AbbVie reconsiders Shire
Financial concerns drove Salix away from Cosmo Pharmaceuticals, and now AbbVie says it is thinking about changing, or even walking away from, its offer to buy Dublin's Shire Pharmaceuticals.
Jefferies analyst Jeffery Holford said in a research note titled “Dark Side of the Moon,” that AbbVie's Tuesday announcement is an “unwelcome surprise” and that investor reaction has been “one of confusion and shock.”
AbbVie announced in July it was putting up $55 billion to buy Shire and make the Dublin drugmaker's rare disease portfolio its own. The deal also meant AbbVie would dub Ireland its official home base, reducing its tax rate from 22% to 13%.
However, that was before the US Treasury issued new rules that were meant to make these relocations less desirable. Although AbbVie said as recently as September 30 that the deal was a go, the Illinois company said in its October 14 announcement that these new rules are giving it pause, although there appears to be a gap in communication as to why: Shire said in its own statement Wednesday that “AbbVie's notice does not quantify the anticipated financial impact of the US Treasury notice on the combination.”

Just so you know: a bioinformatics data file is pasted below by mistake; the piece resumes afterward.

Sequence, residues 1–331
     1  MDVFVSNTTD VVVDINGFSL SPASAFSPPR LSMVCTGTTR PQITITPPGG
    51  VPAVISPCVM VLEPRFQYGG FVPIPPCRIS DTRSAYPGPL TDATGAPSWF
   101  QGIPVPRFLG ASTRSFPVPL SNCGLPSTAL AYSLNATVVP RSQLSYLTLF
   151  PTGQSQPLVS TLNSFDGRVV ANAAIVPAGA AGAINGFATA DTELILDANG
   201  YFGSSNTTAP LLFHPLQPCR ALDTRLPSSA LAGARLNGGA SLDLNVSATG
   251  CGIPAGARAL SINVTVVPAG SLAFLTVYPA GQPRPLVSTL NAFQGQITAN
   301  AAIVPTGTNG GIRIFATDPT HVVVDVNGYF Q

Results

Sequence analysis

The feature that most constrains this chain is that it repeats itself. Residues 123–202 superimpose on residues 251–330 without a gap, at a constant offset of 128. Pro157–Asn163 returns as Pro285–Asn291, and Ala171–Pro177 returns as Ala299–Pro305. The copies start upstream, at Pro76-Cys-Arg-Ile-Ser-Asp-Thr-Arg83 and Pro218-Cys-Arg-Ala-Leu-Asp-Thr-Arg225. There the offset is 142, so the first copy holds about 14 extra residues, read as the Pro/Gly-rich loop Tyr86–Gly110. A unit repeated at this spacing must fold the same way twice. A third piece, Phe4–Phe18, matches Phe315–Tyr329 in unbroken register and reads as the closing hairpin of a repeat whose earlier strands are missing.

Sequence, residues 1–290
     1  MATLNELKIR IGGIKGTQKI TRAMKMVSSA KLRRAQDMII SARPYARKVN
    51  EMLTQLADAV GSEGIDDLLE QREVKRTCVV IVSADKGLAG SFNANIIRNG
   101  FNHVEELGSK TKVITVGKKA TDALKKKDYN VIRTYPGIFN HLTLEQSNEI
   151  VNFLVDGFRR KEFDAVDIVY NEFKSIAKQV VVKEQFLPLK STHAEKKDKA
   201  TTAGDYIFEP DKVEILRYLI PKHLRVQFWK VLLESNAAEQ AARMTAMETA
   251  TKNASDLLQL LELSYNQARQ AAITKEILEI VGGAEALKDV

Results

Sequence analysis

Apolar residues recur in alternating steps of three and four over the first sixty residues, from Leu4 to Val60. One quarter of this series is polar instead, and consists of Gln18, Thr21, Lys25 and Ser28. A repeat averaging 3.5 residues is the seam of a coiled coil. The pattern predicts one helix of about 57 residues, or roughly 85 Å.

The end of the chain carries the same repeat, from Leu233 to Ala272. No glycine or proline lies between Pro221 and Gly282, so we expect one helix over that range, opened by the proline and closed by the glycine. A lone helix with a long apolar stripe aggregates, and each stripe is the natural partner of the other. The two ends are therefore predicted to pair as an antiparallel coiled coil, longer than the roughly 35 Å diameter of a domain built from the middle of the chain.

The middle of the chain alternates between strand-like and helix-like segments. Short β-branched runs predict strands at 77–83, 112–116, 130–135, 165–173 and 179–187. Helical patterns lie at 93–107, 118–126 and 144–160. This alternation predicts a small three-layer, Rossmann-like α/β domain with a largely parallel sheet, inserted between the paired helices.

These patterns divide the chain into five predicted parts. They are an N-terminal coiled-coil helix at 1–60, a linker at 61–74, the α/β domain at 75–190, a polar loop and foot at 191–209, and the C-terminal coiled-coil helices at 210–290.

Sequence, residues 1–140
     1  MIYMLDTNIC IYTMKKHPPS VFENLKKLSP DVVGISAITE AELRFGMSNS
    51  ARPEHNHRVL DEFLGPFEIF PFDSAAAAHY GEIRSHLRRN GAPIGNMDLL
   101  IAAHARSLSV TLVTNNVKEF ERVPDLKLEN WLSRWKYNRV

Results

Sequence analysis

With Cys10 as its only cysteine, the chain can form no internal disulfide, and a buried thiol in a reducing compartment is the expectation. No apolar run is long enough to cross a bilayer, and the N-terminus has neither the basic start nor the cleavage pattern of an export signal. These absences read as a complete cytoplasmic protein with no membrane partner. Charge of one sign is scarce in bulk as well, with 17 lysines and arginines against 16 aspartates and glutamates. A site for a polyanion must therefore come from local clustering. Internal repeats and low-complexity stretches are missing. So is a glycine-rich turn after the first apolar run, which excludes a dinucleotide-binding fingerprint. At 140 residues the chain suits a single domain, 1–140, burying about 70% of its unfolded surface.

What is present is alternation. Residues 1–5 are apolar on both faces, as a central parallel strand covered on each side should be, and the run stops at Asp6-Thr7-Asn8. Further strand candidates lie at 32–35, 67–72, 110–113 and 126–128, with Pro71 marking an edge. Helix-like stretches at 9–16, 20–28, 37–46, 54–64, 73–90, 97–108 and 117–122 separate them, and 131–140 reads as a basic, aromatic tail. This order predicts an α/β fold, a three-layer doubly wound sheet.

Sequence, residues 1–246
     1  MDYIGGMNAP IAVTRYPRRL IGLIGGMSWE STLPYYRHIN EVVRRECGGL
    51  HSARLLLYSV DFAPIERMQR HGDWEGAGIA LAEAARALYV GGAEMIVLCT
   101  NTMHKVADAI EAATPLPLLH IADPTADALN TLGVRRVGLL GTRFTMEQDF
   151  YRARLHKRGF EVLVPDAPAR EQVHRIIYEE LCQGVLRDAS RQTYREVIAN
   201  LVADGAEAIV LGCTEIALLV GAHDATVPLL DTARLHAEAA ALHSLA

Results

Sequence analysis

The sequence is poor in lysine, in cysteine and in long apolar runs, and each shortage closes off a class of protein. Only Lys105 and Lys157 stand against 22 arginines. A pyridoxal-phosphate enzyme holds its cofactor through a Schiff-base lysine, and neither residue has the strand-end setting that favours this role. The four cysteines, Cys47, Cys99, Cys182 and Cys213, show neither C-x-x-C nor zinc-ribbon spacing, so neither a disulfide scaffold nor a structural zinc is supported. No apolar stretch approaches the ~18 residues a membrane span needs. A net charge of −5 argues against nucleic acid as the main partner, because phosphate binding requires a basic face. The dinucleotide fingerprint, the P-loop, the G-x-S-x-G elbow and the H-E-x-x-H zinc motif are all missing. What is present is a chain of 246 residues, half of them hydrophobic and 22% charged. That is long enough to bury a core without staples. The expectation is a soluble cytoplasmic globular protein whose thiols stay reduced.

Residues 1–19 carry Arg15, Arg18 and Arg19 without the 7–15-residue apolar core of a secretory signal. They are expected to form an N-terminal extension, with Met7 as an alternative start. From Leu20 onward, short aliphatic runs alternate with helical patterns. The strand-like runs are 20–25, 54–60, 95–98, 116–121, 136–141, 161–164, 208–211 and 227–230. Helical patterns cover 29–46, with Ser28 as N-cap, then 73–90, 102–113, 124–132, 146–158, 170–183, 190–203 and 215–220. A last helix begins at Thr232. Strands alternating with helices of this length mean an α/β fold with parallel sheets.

AbbVie is not the only drugmaker that is giving tax inversion deals a second look: Medtronic, for example, is reportedly looking to restructure its Covidien acquisition to better fit with the new Treasury rules.
Tensions over relocations that are made solely for relatively significant tax benefits have been rising, as companies as varied as AbbVie and Burger King have sought out new places, such as Ireland or Canada, to log revenue with low tax burdens while not really relocating the business. US Treasury Secretary Jacob Lew described these name-only relocations as deals in which citizenship changes but the company presence does not.
Voting against the acquisition would cost AbbVie a little over $1.6 billion in break-up fees.
AbbVie's board is scheduled to meet and discuss the acquisition on October 20.